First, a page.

Thursday, July 14, 2011

Sub-Centimeter Positioning Coming To Mobile Phones

Posted by timothy  
from the we-control-the-latitude-we-control-the-longitude dept.
Oooskar writes"SLAM (Simultaneous Localization and Mapping), a technique invented by NASA, defines the concept of building a 3D-map of the environment and simultaneously computing the position within it. Based on SLAM, Swedish startup 13th Lab has implemented real-time sub-centimeter local 3D-positioning by using only the sensors, most importantly the camera, already present in most mobile devices (demo video). The technology will be made available as a software platform for developers (sign up for beta). A first application demonstrating the technology has just been released for the iPad2. The technology should be available on other devices with similar computational power soon."

Researchers Build "Squishy" Memory Device

Posted by samzenpus  
from the memory-stuck-between-my-fingers dept.
ShipLives writes"Researchers have developed a memory device that is soft and functions well in wet environments, which could lead to new biocompatible electronic devices. 'We’ve created a memory device with the physical properties of Jell-O,' says Dr. Michael Dickey, an assistant professor of chemical and biomolecular engineering at NC State and co-author of a paper describing the research."

Man builds turbine-powered Batmobile, brags about having the only one (video)

By   posted Jul 14th 2011 6:51AM

So you think you're a huge fan of the Dark Knight, huh? Not so fast. Do you own a full-sized Batmobile? Yeah... we didn't think so. But, auto restoration guru Casey Putsch does, and to launch himself further into super-fanboy status, he upgraded the engine with a Boeing turboshaft -- snatched out of a naval drone helicopter. According to him, this makes his collector's item one of a kind, in true Bruce Wayne fashion. Sure, these discarded movie props are usually powered by a standard 350 (especially the older models), but that wasn't enough for a dude's dude who appraises and designs all types of vehicles for a living. Mods were also made to the interior, including an iPad in the dash which serves as the avionics system and keeps track of the important GPS coordinates -- you know, stuff you'd expect Lucious Fox to toss in to track villains and such. For a look at this beast in action, check out the video after the break; meanwhile we'll try to figure out how to cram a jet engine into a Tesla Roadster.

Tuesday, July 12, 2011

Snail Discovered That Can Survive Digestion By Birds

Posted by samzenpus  
from the service-on-this-flight-is-sh*t dept.
smitty777 writes"A recent article in the Journal of Biogeography describes research showing that 15% of the snails devoured by birds on a Japanese island can survive the digestive process. This is thought to be the mechanism by which the snail populations can migrate from island to island, similar to the way plant seeds are deposited. From the article: 'In the lab, scientists fed the birds with the snails to find out whether any survived the digestive process. "We were surprised that a high rate, about 15 percent, of snails were still alive after passing through the gut of [the] birds," explained researcher Shinichiro Wada.'"As bad as riding in a bird's digestive tract sounds, I'd take it over flying standby on a puddle jumper.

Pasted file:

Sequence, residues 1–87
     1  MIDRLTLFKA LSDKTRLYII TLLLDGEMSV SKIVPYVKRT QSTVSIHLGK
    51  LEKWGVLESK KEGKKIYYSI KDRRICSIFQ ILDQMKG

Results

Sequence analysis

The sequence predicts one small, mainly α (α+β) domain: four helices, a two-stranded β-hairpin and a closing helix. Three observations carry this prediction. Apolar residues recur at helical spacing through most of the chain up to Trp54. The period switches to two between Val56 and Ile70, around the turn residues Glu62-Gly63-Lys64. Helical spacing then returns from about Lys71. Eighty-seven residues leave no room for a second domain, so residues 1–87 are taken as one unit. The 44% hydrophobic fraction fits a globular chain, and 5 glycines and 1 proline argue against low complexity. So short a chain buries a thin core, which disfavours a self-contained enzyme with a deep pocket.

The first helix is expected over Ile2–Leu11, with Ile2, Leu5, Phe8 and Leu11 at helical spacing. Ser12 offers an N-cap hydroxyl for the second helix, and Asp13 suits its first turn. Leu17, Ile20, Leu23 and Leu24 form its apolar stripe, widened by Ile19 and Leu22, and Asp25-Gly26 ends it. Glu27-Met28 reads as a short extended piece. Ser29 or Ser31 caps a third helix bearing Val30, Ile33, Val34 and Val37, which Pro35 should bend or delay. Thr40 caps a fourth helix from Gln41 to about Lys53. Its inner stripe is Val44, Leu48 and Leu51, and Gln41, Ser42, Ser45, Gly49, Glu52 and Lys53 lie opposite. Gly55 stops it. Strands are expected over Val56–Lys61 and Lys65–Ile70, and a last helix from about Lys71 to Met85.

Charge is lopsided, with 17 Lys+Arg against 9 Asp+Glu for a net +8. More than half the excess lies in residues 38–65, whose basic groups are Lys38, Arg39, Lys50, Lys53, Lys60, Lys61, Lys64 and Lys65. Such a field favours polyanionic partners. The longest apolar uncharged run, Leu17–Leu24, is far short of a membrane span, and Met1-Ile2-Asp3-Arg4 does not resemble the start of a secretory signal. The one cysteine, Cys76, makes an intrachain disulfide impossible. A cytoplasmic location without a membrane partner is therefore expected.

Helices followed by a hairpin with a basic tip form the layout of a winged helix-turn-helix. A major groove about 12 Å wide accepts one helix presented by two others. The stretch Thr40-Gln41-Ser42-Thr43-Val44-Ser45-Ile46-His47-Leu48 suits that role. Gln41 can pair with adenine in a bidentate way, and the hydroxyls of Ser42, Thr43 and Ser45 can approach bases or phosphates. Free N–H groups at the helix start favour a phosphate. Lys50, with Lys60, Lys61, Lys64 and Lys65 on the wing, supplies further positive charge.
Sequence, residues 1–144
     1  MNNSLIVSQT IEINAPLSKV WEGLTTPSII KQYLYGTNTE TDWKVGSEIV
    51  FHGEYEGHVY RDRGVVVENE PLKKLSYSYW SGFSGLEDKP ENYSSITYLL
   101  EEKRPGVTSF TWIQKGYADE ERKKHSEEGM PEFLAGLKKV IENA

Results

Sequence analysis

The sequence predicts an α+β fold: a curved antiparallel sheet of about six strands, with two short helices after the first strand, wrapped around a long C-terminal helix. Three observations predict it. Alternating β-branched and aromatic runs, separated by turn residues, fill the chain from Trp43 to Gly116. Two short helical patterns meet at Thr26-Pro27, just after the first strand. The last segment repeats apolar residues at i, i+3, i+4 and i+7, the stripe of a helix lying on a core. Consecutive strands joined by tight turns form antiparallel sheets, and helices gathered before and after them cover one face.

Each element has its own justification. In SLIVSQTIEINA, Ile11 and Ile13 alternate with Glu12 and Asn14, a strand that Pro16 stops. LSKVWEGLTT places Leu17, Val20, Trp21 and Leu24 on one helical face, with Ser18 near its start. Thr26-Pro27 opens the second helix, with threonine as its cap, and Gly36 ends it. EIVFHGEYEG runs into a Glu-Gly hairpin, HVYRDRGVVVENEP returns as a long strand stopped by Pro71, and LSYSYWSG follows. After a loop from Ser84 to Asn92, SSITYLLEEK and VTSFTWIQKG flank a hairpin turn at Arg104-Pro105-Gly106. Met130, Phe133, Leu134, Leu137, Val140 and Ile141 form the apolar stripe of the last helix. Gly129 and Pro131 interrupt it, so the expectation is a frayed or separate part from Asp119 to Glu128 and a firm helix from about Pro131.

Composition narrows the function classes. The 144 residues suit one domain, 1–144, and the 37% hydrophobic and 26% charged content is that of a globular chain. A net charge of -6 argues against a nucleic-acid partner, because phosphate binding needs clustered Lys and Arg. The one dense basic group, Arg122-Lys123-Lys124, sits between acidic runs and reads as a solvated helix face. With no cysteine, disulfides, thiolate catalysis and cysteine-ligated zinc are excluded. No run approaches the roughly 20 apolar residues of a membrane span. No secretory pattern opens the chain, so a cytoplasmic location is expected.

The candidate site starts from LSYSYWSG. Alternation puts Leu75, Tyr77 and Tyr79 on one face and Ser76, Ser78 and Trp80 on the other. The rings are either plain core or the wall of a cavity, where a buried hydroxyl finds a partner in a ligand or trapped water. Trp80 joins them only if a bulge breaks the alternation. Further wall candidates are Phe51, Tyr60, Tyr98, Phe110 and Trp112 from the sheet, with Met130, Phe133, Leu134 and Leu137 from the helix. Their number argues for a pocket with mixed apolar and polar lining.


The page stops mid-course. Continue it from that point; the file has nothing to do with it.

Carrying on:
Your Mother Was Right: Good Posture Makes You Tougher

ScienceDaily (July 12, 2011) — Mothers have been telling their children to stop slouching for ages. It turns out that mom was onto something and that poor posture not only makes a bad impression, but can actually make you physically weaker. According to a study by Scott Wiltermuth, assistant professor of management organization at the USC Marshall School of Business, and Vanessa K. Bohns, postdoctoral fellow at the J.L. Rotman School of Management at the University of Toronto, adopting dominant versus submissive postures actually decreases your sensitivity to pain.

Three words


Social x-ray glasses can decode emotions, make your blind dates less awkward

By   posted Jul 12th 2011 4:18AM

You may consider yourself a world-class liar, but a new pair of "social x-ray" glasses could soon expose you for the fraud you really are. Originally designed for people suffering from autism, these specs use a rice grain-sized camera to pick up on a person's 24 "feature points" -- facial expressions that convey feelings of confusion, agreement and concentration, among others. Once recognized, these signals are analyzed by software, compared against a database of known expressions and then relayed to users via an attached headphone. If their date starts to feel uncomfortable, a blinking red light lets them know that it's time to shut up. Rosalina Picard, an electrical engineer who developed the prototype with Rana el Kaliouby, acknowledged that her algorithm still needs some fine tuning, but told New Scientist that the glasses have already proved popular with autistic users, who often have difficulty deciphering others' body language. No word yet on when these social specs could hit the market, but they'll probably make us even more anti-social once they do.